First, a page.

“You like only tragic endings?”
“Only tragic endings are realistic. And art should always strive for realism.”
“You do not approve of happily-ever-after, then?”
I’m whispering, I realise. My throat feels like sandpaper drenched in hydrochloric acid.
When did I get so close to him? Only a few inches, between my hand and his warm thigh.
“Happy endings are a lie designed to soothe those possessed of a weak spirit” he replies, looking at me as if daring me to contradict him, his voice also reduced to a murmur.
The words sink into my heart, a rusted blade penetrating soft flesh and infecting the nerves. The pain scalds me only for a second, but I have to close my eyes against it all the same.
Something cracks within me. Only time, and fate, know if it will eventually break, or be mended.
2. free to live
It’s the first day of September. The air is chill and invigorating, the sky is blue and clear; not a cloud to be seen in a radius of five miles at least.
Two weeks and a half since we came back from Switzerland. I have just arrived to the surgery, ready for what promises to be a mild day of visits. As soon as I sit behind my desk, I notice that there’s something in the internal pocket of my jacket, something I don’t remember putting there. I go to check, puzzled, and what I find makes my heart skip a beat. For in my hand I’m holding Patrick’s red notebook. I notice that the last page is dog-eared. My mouth dry, my stomach in knots, I start to read:
Grief, then, enveloped the boy like a second skin, until he forgot all the other feelings he had ever felt.
The boy cried; and the road became a slope, and it was night again, forever.”
“One day, a big silver crow attacked the cat and stole his eyes. The boy fought and chased the crow, with teeth and blood, until he finally recovered the cat’s beautiful black and green eyes.
He went back to the cat and cried many tears, and used them to put the eyes back in their orbits. They stayed still, until the cat regained its sight. But then, the cat noticed something: having been in the crow’s claws, the cat’s eyes had flown high in the sky, they had seen the circular, never-ending garden from above, and so they had learned the way out. There was a tree, at the very, very edge of that little world, right in the space where the end collided with the start.
The cat led the boy to the tree, and showed him that there was a hole, hidden between its black, age-old roots. They went inside
The cat and the boy walked; there was a tunnel, and then a light, and they were free.
The garden they left behind crumbled and burned; from its ashes, a shining new galaxy was born. The boy and the cat promised to each other that they would explore every star in it, and that they would never be apart.
My tears falling on the page bring me back to the real world. Remember to breathe. I dry my eyes, stand up, leave the ambulatory; I run. I run and run and run, until I am at Patrick’s front door, and then on the threshold of what he calls “his own mystic gulf” (I’ll provide the translation: the chamber where he plays and writes). He is playing, but upon my arrival he stops, and looks at me; his fingers remain poised over the black and white keys. I can feel the touch on my nape.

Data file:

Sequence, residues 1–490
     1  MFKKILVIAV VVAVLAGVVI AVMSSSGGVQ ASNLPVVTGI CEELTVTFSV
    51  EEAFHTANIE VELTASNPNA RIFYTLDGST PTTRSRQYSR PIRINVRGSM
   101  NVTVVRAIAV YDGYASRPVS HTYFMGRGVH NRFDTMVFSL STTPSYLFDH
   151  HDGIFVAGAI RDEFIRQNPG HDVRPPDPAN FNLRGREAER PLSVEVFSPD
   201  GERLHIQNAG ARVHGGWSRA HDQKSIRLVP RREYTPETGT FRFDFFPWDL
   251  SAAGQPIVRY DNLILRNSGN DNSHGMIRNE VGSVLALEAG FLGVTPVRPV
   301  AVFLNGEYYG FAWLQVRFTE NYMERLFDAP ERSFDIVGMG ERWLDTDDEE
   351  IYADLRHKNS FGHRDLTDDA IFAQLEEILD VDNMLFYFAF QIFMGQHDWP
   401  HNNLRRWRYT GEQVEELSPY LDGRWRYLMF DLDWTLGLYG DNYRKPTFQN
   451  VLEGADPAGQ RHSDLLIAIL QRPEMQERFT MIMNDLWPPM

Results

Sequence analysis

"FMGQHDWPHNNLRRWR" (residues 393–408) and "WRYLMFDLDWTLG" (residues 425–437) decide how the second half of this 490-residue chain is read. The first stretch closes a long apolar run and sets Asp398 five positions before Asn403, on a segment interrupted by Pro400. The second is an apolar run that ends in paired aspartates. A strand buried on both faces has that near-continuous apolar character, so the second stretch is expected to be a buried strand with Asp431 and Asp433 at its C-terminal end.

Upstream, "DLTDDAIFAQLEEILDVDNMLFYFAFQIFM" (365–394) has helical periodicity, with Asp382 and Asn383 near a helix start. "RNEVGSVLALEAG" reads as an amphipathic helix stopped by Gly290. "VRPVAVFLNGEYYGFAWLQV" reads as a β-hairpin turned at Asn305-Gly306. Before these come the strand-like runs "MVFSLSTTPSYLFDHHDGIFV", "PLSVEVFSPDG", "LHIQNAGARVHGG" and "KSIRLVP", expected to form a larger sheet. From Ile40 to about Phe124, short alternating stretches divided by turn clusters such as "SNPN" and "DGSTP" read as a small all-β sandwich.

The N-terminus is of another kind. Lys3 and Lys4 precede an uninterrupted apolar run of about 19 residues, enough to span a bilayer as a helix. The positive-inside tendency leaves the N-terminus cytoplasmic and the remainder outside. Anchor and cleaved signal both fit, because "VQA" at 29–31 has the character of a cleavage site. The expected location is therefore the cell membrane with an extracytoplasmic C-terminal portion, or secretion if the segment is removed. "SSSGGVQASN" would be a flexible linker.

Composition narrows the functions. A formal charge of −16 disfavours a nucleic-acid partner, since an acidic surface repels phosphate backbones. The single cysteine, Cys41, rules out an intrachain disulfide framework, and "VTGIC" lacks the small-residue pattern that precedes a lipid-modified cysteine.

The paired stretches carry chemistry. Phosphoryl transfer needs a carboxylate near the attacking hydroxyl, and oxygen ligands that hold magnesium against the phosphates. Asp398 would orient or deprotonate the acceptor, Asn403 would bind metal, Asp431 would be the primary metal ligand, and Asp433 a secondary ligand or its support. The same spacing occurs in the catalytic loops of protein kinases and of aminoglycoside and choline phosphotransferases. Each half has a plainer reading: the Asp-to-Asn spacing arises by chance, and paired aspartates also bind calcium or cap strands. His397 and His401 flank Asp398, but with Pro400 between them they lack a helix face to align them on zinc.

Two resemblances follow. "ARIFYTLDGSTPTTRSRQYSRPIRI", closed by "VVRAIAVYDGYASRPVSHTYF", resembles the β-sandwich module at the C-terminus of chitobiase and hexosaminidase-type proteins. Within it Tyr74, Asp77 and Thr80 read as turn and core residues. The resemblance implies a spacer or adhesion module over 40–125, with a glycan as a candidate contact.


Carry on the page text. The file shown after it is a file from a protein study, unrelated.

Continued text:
“Oh” he says, not quite achieving to hide a smile so endearingly timid and sweet and tentative that I want to weep at the mere sight of it. “I take that you have read it, then”.
Lord have mercy, he is actually blushing. I love him, I love him, I love him.
Only few steps separates us, then two, then none.
“You changed your mind about happy endings, after all?” I say, and oh God, why do I sound like a nervous squirrel?
He looks up to me, his lashes lowered, his mouth red and full of life and secrets.
“I discovered that I... that every now and then, I like feeling weak”.
We swallow at the same time, drowning in each other’s eyes. I haven’t felt so much electricity on my skin since we were caught in a storm just outside Edinburgh, months ago.
He leans back on one arm, exposing his neck, the slivers of skin left uncovered by his haphazardly-buttoned shirt.
“And I suppose that... Well, that only fools never change their mind”, he concludes, smiling again; I sit beside him, our legs facing opposite directions, our faces only a few inches apart.
“Does that make me a fool, since I’ve never changed my mind on this particular subject?” I murmur, drinking his breath, while my arm envelops his waist.
“Oh, there always exceptions. But aside from that, yes, you are a fool. I told you so many times, have you not been paying attention?”
“You are so, so insolent”, but still, I do not dare kiss him. If I do, there’s a distinct possibility I may implode, or spontaneously self-combust.
He seems to momentarily lose himself in the study of my face; after a small pause, he touches his forehead to mine, his lips first kissing the tip of my nose, and then hovering over my own, but never actually touching them.
“Don’t you have lives to save, Doctor?” he says eventually. When he calls me by my title... He must know the things it does to me, to my blood circulation, to my mental sanity.
“Oh God, please, stop.” Reduced to moaning with one word. Isn’t that flattering.
“My, my, I haven’t even started.”
“You are always starting, you--” ...your very existence is the start of my annihilation, I want to accuse him, but I can’t, for he kisses me, deep and wet, long and perfect, an assault that conquers all thought and makes me whole, anew.
“Go” he says at last, releasing me. “I have no desire for your patients to invade the privacy of my home looking for their negligent physician.”
“Will you still be here, when I return?”
“And we will go exploring? Every star in the firmament?”
“Every star. And when we are finished, we’ll move on to the next galaxy.”
“And then the next. And the next. Good.”